Born in Stratford Center, Quebec, Canada on March 22, 1923, he was the son of Euclide and Euginie (Bourque) Pelchat. He attended St. Jean the Baptist Grammar school and Manchester West High School. Charles became a U.S. Citizen on May 19, 1944 while serving in the U.S. Army during WWII. He was proud to have stormed the beaches of Normandy on D-Day and earned several decorations during his time spent in Northern France, including the European, African, and Middle Eastern Theater Campaign Ribbon, the Victory Medal and the Distinguished Unit Badge. 

He worked as a landscaper for Chagnon’s Garden Center. He left his mark at various areas of the city with his plantings at Mt. Calvary Cemetery, Bishop’s House, and many homes in Manchester. “Charlie” was always ready to share his gardening knowledge with anyone who asked for help. His hand-made Christmas wreaths decorated many homes and businesses during the holidays. He had also worked for eight years at the Manchester Racquetball Club doing general maintenance. His third and final job was at Shaw’s Supermarket in Goffstown where he enjoyed seeing the regular customers and sharing an occasional joke. He retired at the age of 80. 

Canadian born Charles Pelchat became a U.S. citizen while serving in the U.S. Army in 1944.

Charles enjoyed watching the New England Patriots and was an avid Red Sox fan. He enjoyed going out for breakfast and loved ice cream, blueberry pancakes, and chocolate. 

He was a quiet, humble and gentle man who had an infectious smile. He had a good sense of humor and a genuine love and concern for others. As a longtime communicant of St. Marie Parish, he was a devout Catholic and a man of deep faith. 

He and his wife Laurette traveled to Florida for the winter months and also owned a camper at Silver Lake where they enjoyed their weekends playing cards and dominos with friends. They had also traveled to England, France, Hawaii, Canada, Pennsylvania, Las Vegas and New York.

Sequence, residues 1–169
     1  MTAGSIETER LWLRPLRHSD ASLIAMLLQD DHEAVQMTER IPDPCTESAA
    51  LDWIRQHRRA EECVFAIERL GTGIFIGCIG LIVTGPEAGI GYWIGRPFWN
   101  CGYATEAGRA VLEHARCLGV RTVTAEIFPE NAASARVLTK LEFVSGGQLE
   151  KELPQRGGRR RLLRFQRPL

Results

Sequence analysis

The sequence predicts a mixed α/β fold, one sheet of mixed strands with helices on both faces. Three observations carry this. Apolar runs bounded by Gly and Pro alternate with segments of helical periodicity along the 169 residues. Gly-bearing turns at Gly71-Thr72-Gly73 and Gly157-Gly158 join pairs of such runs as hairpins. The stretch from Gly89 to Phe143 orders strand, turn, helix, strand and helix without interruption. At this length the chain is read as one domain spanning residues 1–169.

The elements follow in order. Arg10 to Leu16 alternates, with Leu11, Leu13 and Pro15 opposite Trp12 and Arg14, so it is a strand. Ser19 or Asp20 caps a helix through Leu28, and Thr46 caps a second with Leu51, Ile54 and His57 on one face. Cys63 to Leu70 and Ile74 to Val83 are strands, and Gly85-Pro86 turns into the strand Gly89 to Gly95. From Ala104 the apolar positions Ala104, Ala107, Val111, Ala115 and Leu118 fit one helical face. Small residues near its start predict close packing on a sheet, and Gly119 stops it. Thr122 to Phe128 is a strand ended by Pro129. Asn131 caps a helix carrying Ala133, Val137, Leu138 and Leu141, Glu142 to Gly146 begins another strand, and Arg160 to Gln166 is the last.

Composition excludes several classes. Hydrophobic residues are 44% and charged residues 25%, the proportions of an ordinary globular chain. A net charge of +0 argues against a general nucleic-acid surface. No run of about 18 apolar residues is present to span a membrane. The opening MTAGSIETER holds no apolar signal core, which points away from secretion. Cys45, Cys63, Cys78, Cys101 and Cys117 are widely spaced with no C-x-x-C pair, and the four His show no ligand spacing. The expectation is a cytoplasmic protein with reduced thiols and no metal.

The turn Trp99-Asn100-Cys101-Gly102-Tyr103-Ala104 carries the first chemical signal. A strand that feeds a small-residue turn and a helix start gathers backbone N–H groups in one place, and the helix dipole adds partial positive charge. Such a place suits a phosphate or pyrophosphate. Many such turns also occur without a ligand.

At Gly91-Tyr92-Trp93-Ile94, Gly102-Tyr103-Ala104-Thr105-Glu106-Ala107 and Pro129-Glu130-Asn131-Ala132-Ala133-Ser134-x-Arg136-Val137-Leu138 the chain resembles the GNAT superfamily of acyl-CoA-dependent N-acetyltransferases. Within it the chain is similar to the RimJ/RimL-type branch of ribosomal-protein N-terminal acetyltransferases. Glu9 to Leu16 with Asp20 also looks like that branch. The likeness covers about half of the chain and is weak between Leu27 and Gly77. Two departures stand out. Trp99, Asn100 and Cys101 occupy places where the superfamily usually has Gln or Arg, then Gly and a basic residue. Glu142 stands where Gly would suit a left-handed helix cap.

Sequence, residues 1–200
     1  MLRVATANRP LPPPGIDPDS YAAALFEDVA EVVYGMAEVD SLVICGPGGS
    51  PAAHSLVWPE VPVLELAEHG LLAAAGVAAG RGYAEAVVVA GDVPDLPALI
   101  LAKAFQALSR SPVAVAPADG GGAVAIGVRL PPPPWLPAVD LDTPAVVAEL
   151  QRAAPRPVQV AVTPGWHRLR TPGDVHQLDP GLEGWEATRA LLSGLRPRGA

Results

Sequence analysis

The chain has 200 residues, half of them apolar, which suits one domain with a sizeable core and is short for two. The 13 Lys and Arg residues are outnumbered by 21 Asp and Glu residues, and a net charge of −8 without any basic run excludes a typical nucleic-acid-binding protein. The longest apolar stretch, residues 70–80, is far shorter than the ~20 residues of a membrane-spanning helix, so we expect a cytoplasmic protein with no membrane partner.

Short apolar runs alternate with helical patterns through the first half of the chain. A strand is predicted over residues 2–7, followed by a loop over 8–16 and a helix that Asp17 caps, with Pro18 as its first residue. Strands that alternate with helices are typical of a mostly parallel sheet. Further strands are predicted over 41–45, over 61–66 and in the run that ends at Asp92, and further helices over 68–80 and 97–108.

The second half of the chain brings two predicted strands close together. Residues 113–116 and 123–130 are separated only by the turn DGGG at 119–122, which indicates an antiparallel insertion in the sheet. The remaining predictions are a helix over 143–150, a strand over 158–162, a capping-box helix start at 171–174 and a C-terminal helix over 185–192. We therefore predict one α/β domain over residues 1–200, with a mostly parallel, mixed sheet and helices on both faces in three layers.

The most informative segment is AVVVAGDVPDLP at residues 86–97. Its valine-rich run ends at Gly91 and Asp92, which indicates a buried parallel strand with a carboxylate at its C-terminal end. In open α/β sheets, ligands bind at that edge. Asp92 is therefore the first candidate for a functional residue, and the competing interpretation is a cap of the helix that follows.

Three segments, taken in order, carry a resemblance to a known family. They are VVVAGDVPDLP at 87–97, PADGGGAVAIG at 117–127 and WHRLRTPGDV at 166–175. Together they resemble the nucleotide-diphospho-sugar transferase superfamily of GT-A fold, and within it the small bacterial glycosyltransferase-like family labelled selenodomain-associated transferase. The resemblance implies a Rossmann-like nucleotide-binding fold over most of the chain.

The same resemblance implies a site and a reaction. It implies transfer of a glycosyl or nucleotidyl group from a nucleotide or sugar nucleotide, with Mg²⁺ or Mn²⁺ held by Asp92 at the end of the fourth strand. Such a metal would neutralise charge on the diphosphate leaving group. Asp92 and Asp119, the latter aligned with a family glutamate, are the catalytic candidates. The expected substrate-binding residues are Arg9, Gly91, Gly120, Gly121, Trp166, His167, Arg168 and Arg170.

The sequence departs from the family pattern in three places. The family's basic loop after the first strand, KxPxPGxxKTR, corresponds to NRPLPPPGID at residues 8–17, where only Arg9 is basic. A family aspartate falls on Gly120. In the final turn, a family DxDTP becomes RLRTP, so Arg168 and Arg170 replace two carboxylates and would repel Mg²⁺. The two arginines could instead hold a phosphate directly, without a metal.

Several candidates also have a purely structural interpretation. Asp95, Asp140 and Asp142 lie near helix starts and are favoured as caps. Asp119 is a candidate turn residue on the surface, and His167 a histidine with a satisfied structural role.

He was predeceased by his wife of 63 years, Laurette (Lamy) Pelchat in 2009. He was also predeceased by his siblings and their spouses, Renaud Pelchat and wife Bernice, Louis Pelchat and wife Therese, Cecile Gamelin and husband Roger. 

Family members include his children, Diane LeBlanc and husband Robert, Susan Gagne and husband Gerard, Lionel Pelchat and wife Sylvia, Linda LaPlante and husband Richard; his grandchildren, Stephanie Whiting and husband Tex, Stacey York and husband Todd, Christopher LeBlanc; his great-grandchildren, Krysta and Sloane York, Sawyer Whiting; sister-in-law, Claire Browning; brother-in-law, Raymond Lamy and wife Jeannette; many nephews, nieces and friends at Mt. Carmel; as well as his grand-dogs, Molly and Gracie. 

The family would like to extend their special thanks to all of the staff at Mt Carmel Nursing Home for the professional, excellent care and concern for Charles. The staff truly are God’s Angels. 

A Mass of Christian burial was celebrated on Friday, July 21, 2017 in St. Marie Church. Interment followed in Mt. Calvary Cemetery Mausoleum. 

Donations may be made in his memory to Catholic Charities of New Hampshire, 215 Myrtle St, Manchester, NH 03104. 

 

About Carol Robidoux 5552 Articles
Journalist and editor of ManchesterInkLink.com, a hyperlocal news and information site for Manchester, NH.